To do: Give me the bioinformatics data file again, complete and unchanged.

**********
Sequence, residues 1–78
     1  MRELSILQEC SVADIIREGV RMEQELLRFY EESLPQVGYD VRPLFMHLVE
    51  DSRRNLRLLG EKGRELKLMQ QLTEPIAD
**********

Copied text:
Sequence, residues 1–78
     1  MRELSILQEC SVADIIREGV RMEQELLRFY EESLPQVGYD VRPLFMHLVE
    51  DSRRNLRLLG EKGRELKLMQ QLTEPIAD